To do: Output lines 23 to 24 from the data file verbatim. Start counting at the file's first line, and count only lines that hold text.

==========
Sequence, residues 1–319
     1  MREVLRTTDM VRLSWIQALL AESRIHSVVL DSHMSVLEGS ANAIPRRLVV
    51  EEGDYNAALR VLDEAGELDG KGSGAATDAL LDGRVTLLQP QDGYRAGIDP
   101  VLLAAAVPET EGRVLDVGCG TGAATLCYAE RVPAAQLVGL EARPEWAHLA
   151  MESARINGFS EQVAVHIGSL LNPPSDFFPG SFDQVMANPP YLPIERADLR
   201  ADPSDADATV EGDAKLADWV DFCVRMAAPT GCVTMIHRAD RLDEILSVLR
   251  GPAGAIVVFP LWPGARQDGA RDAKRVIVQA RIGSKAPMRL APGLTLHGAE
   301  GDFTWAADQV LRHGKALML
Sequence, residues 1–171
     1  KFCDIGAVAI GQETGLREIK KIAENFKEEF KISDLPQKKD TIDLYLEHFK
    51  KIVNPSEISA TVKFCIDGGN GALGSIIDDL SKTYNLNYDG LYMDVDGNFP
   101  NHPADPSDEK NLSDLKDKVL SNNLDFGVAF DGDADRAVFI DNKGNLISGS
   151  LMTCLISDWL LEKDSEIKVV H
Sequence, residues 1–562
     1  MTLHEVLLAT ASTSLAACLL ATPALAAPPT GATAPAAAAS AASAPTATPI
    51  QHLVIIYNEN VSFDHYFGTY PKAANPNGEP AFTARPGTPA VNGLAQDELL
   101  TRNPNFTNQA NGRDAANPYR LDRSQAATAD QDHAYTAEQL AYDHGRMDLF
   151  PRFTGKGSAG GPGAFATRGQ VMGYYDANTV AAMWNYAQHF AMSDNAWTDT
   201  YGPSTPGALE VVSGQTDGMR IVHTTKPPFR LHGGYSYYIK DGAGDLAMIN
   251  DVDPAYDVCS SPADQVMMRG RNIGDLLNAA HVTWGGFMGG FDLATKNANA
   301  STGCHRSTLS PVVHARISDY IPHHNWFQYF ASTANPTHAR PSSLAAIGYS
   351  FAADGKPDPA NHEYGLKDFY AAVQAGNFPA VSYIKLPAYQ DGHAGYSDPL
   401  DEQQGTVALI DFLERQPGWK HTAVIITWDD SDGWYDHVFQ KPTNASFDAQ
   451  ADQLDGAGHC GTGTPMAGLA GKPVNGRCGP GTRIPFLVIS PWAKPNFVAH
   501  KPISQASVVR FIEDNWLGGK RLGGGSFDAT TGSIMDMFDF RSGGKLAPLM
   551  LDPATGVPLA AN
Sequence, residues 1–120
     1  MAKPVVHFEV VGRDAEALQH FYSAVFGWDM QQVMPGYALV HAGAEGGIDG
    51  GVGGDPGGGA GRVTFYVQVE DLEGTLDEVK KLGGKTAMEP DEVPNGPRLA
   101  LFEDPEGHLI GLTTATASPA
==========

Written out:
   401  DEQQGTVALI DFLERQPGWK HTAVIITWDD SDGWYDHVFQ KPTNASFDAQ
   451  ADQLDGAGHC GTGTPMAGLA GKPVNGRCGP GTRIPFLVIS PWAKPNFVAH